Sir: David Hook, as a professor of Hispanic Studies, should be examining the historical differences between French and Spanish for the explanation of my Spanish reference grammar being three times the size of its gallic equivalent - rather than fatuously suggesting an ignorance of typography (letter, 7 September).
As he should know, when the vast Spanish empire dissolved in the 19th century many hispanic nations and communities found themselves geographically and culturally isolated, and regional variations evolved in the language. My reference book seeks to identify and discuss these differences, relished today as examples of national individuality.
In contrast, most of the francophone world stayed under the highly centralised control of the French colonial and educational systems until the end of France's empire in the 1950s. Today correct French remains remarkably uniform throughout the world - hence the need for a much smaller grammar book and less to learn.
Sir: Further to earlier letters about the usefulness of learning Spanish or French (3, 4, 7 September), I have a solution. Do as I did, and learn Latin.
I continued my Latin studies up to AS-level. I found it to be helpful as a foundation for my French studies, but it was invaluable when it came to improving my general English: it helped with learning the meaning of different tenses and their uses in English. I can work out the meaning of almost any new word I encounter, by deriving it from common Latin roots. Entering (and winning) reading competitions has improved my skills in oration (especially when reading Cicero). It has all been incredibly wonderful.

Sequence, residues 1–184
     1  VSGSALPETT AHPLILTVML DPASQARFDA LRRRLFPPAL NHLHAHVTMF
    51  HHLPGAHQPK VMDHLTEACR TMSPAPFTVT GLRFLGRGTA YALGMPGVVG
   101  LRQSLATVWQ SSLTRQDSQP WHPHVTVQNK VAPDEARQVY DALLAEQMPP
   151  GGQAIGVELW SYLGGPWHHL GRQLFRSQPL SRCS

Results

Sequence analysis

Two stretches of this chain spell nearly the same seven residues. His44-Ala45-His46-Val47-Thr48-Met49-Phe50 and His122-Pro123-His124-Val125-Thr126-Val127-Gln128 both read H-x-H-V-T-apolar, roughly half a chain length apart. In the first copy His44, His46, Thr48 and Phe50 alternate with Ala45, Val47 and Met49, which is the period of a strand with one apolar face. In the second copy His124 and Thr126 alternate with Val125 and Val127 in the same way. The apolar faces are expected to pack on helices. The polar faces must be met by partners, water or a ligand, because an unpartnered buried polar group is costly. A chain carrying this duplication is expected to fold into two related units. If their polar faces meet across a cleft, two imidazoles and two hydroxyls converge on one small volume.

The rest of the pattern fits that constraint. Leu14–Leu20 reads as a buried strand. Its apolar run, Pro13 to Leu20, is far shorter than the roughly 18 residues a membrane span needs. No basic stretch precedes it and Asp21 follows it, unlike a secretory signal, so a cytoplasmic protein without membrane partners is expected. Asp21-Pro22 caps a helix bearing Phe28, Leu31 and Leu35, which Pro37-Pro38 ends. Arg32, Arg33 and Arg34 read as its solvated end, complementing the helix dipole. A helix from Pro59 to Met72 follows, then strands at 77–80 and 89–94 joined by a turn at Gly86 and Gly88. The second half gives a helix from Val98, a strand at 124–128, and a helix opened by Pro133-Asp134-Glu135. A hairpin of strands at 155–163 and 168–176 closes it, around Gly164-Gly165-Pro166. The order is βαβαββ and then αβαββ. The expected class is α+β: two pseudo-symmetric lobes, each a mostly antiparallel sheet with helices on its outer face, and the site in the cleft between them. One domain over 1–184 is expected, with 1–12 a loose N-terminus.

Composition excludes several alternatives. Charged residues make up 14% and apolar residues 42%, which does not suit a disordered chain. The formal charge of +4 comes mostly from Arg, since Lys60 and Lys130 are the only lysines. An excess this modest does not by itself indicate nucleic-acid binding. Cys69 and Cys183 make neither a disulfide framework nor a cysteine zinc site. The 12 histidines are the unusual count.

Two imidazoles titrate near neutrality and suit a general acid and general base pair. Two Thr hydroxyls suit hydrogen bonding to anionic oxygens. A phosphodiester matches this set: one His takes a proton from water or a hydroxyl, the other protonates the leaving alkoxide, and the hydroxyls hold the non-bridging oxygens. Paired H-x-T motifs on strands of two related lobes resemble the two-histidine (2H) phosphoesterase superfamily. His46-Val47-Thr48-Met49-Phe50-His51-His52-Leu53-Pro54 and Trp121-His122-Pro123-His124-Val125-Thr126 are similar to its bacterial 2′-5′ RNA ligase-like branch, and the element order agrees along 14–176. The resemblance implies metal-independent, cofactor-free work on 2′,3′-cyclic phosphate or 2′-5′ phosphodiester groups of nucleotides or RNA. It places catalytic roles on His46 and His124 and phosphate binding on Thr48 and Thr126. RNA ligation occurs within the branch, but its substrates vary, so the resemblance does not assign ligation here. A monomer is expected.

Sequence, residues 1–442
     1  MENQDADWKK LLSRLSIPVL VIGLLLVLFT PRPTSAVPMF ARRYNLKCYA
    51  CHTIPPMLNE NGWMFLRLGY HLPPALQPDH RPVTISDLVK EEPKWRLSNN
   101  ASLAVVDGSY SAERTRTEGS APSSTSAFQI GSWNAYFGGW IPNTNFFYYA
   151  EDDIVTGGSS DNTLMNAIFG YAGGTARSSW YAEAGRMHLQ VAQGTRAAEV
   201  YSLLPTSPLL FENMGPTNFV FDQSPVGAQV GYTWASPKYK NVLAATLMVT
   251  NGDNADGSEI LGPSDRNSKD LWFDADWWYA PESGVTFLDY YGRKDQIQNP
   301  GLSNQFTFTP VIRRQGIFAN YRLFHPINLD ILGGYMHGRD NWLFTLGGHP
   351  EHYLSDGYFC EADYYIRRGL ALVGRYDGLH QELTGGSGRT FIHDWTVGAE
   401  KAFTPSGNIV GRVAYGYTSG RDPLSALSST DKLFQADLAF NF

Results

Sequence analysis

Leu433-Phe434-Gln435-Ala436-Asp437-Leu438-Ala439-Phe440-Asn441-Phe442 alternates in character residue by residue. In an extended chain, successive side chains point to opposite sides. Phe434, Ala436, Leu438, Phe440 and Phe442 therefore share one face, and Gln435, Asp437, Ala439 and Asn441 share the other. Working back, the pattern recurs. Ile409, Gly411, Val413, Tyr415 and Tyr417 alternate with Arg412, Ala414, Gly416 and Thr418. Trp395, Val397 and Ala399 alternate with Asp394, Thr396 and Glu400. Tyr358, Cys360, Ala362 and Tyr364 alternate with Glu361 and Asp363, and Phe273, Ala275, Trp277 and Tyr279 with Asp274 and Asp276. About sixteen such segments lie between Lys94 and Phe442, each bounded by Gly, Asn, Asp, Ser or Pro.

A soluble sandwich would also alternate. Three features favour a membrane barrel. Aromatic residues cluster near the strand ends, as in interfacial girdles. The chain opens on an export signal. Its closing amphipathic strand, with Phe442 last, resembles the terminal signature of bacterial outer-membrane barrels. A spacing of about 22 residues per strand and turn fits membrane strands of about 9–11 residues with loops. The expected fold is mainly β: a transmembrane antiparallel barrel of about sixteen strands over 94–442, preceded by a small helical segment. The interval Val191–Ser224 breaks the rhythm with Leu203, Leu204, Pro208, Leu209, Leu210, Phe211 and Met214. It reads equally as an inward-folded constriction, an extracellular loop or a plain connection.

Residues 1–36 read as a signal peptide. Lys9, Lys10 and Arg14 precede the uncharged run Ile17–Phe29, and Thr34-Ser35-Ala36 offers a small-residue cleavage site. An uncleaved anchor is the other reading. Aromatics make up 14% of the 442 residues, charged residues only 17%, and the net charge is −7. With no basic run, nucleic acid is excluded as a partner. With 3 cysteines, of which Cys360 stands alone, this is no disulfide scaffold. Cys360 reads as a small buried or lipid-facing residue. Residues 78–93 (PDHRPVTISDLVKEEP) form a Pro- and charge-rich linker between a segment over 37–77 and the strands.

Besides all that, it is of immense value as a tool for impressing old
men at boring dinner parties.
Mass of contradictions
Sir: I sympathise with Alan Tucker (letter, 7 September) in his confusion between weight and mass. For the man in the street the difference is academic, and he can go through life using the terms interchangeably, ignoring pedantic smart-alecs who would confuse him with facts. They are, however, quite different.
Mass is a measure of how much stuff there is, and it is measured in kilograms. Weight is the force exerted on that mass by gravity. "One kilogram weight" is actually a force of about 9.8 Newtons. One Kg of chocolate would still be one Kg of chocolate on the moon, and would be just as fattening. However, it would weigh less because gravity there is less.
Old fashioned kitchen scales compare masses. A bag of sugar balanced against a 500g mass (weight in common language) in his kitchen would still be balanced on the moon. However, a spring balance would read much less on the moon because it measures weight, not mass.
My advice is that he shouldn't worry about it one bit, unless he plans to go to the moon.
MICHAEL K BALDWIN
Sir: The Commonwealth agreement to restrict the active recruitment of teachers from the world's poorest countries is welcome (report, 2 September). Whilst agencies like VSO are working with the Department for International Development to support developing countries to improve their education and health systems, the UK's poaching of key workers from these countries is undermining all our efforts.